I have been pleasantly surprised by the receptiveness of our local city government in South Miami Florida to these ideas and would love to hear the experiences and ideas of others. How might we advocate for butterflies in the urban or suburban environment? Chime in -- what's going on in your community that supports butterflies?

Our Mascot, the Miami Blue Butterfly, by Elane Nuehring

Photo by Michelle Wisniewski

Why did we choose the Miami Blue butterfly for our chapter mascot? We wanted a butterfly that would symbolize the fragile, and rapidly disappearing natural areas of Florida. We wanted a butterfly that, while imperiled, still persisted in limited places – and thus might be saved from extinction. We wanted a butterfly that put us in touch with the marine blue of the Caribbean and Gulf Coast waters of its habitat. Thus, we became the Miami Blue Chapter of NABA.

The Miami Blue is a tiny (1 inch wingspan) butterfly with a heavily patterned white and brownish-gray underwing; from a top view, males are bright blue and females are blue with dark wing edges and two orange spots on the rear wing. The Miami Blue is currently known in the wild from only a few off-shore tiny islands between Key West and the Dry Tortugas. One disease outbreak or one storm surge could spell their end.

Miami Blue caterpillars are highly selective and are known to eat the coastal plants Blackbead, Gray Nickerbean, and until recently, Balloon Vine. (Now Balloon Vine is the larval host plant being used by the Silver-banded Hairstreak, but not to our knowledge, by the Miami Blue.) Like many species in the Lycaenidae or “Gossamer-winged” butterfly family, Miami Blue caterpillars associate with certain ant species and benefit from their protection.

Our mascot is thus a denizen of coastal scrub, but no longer of backyards. We receive numerous inquiries about the “little blue butterfly in my yard” and, if it dashes about rather frantically, high then low, to and fro, and might be seen in the vicinity of Blue Plumbago, then you probably have made a home for the Cassius Blue. If it flies languorously and low to the grass, it is likely to be a Ceraunus Blue. Both of these common, and beautiful, butterflies can be seen both in your yard and in wild places.

Coastal land in Florida has been intensively and increasingly developed – and with development has disappeared the Miami Blue’s habitat. Remaining patches of habitat are segregated from one another by miles of concrete, precluding natural distribution of tiny butterflies that can’t fly far. Development has also brought demand for the use of insecticides, including but not limited to mosquito spraying. Exotic ants, such as the various fire ants, compete with the species known to protect the Miami Blue. Parasitoids may be at play. Predators include small reptiles, birds and carnivorous insects and spiders. In the face of these obstacles, our mascot is struggling for its survival, despite numerous conservation efforts, including our own.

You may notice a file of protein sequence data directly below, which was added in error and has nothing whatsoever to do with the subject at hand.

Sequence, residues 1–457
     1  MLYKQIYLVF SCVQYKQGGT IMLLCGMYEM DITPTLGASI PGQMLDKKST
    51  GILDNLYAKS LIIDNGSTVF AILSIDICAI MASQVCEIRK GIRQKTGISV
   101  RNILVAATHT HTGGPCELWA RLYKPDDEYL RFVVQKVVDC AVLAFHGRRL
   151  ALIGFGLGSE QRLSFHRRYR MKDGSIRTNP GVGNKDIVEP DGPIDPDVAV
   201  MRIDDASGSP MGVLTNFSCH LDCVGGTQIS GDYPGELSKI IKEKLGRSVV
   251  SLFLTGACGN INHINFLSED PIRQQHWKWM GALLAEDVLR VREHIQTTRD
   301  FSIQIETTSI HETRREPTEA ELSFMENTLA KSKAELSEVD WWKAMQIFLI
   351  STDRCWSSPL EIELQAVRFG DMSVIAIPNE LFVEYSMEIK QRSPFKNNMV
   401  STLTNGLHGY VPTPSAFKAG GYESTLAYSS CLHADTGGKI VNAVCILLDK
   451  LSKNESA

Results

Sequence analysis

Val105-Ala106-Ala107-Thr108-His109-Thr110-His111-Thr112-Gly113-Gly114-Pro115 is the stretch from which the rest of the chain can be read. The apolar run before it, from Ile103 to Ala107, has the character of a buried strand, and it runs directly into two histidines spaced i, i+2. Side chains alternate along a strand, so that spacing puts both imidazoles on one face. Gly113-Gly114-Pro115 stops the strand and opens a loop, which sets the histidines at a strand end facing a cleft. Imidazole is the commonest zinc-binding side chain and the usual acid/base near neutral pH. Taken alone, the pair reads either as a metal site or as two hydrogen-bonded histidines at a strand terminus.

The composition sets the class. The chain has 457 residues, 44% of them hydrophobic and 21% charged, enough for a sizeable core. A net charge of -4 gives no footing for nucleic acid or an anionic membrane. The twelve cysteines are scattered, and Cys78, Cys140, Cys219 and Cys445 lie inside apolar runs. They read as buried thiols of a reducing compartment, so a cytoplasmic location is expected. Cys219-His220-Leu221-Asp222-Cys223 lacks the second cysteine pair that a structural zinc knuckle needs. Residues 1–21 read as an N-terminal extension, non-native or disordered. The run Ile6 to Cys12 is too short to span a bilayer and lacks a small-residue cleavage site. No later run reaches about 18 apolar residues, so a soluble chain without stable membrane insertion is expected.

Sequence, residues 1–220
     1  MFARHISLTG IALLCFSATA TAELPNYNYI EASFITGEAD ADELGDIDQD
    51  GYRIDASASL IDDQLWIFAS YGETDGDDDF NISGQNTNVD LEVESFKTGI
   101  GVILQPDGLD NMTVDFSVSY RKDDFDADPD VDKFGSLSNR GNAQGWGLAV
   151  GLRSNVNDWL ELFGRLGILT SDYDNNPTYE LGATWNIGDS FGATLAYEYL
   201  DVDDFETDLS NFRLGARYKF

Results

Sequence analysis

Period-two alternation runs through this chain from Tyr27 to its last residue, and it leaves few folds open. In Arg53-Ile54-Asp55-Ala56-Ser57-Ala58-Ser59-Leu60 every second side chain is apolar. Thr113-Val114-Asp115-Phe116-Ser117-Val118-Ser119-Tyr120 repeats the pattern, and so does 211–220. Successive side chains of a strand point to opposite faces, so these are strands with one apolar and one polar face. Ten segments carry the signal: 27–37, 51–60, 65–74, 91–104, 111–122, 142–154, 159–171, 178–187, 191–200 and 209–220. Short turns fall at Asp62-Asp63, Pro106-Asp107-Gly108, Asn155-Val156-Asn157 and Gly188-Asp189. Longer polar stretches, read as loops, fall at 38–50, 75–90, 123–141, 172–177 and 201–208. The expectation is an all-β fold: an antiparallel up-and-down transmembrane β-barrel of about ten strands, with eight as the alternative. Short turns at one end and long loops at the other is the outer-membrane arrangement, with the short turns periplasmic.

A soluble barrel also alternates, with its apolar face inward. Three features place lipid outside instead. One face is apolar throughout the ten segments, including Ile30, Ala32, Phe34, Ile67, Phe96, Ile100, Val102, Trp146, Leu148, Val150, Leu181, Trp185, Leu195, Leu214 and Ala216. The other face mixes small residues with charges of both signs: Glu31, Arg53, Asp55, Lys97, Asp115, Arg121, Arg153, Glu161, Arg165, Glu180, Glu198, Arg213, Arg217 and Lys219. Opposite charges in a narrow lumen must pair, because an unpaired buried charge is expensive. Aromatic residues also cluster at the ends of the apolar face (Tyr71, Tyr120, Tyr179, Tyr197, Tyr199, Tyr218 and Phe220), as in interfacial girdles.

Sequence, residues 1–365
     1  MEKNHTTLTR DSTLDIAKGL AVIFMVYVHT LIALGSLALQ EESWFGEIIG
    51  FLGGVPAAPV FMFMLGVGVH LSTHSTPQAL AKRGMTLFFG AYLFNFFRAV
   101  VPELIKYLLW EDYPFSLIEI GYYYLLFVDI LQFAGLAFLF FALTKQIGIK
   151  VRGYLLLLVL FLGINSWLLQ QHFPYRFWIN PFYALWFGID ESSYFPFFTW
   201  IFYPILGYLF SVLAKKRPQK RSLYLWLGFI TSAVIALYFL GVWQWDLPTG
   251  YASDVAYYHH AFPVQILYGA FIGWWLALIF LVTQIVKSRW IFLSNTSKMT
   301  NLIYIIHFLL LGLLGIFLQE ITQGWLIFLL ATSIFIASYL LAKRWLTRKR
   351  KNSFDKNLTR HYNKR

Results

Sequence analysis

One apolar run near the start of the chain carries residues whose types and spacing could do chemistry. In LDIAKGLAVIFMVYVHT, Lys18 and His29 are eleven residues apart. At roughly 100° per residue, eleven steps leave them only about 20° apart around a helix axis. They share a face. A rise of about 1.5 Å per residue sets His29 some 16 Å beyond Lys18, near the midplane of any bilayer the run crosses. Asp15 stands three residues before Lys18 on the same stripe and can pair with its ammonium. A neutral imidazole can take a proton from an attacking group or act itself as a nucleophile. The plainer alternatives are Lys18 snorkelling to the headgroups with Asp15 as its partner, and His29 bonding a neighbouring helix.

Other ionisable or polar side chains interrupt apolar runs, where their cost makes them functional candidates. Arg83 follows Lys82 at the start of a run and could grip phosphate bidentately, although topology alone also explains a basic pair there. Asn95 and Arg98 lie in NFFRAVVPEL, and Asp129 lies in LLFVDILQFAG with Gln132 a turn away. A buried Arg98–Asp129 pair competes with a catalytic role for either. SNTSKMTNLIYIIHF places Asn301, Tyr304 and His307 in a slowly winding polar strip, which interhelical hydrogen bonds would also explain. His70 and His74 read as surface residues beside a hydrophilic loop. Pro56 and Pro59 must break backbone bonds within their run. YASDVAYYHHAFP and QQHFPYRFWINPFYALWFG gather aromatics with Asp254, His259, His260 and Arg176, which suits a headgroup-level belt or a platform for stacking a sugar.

At the University of Florida’s McGuire Center for Lepidoptera and Biodiversity in Gainesville, Miami Blue butterflies have been very successfully captive-bred for re-introduction into the wild. However, re-introduction efforts did not produce populations of Miami Blues in any of their former haunts, such as Everglades National Park or North Key Largo. A new study proposed by Dr. Jaret Daniels, Associate Director of the McGuire Center, will attempt to understand what happens to Miami Blues released into natural areas with suitable habitat. Where do they go? What is their fate? This study will be one of the projects in which our chapter will collaborate by monitoring Miami Blues closely following release.

The Florida Fish and Wildlife Conservation Commission has set forth a new 2010 Miami Blue Management Plan, with input from several public agencies, parks and refuges, and NABA. In the new plan, there is heavy emphasis on research, protection of existing habitat, and management of habitat for sustainability of the Miami Blue. You can find a link to this document on our web site, on, click the "conservation" button and then the link to "Miami Blue Butterfly."

There is plenty for NABA members to do – we invite you to join us in our work to keep the Miami Blue butterfly from extinction, and we are pleased to respond to your questions. Share your thoughts!

Not So Ancient History, by Becky Smith

Throughout the 20th century, an ever-growing flock of birders and naturalists have peered at brightly colored and/or drab birds--in the sky, on the ground and in the bush. It took a long time to formally recognize that there was something else flying around--also brightly colored and/or drab, in the sky, on the ground and in the bush--butterflies.

Thus, in 1992 the North American Butterfly Association (NABA) formed to promote the conservation and appreciation of butterflies and moths. Birders, botanizers, gardeners, naturalists and scientists joined in swarms. Chapters appeared throughout the U.S., no where more so than in Florida, which has 12 chapters..

Florida and the nation’s southernmost chapter, Miami Blue, came into being in 2000, largely through the efforts of our chapter founder Dr. Bob Kelley. Bob, a distinguished professor and avid birder and naturalist, took an early interest in butterflies; NABA gave him a way to share his interest with others.

The chapter covers sub-tropical Florida--Miami-Dade and Monroe counties. This past winter has been the sub part of the deal, with a seemingly endless cold spell and even a few frosts (Stop laughing, ye who live north of Lake Okeechobee.). Now, our weather is delightful and we have returned to our normal, tropical weather. This climate gives us some butterflies found nowhere else in the U.S., such as the Miami Blue, and some found just north of the border in a places like the Rio Grande Valley, for example, the longwings.

Join us in exploring this southernmost land.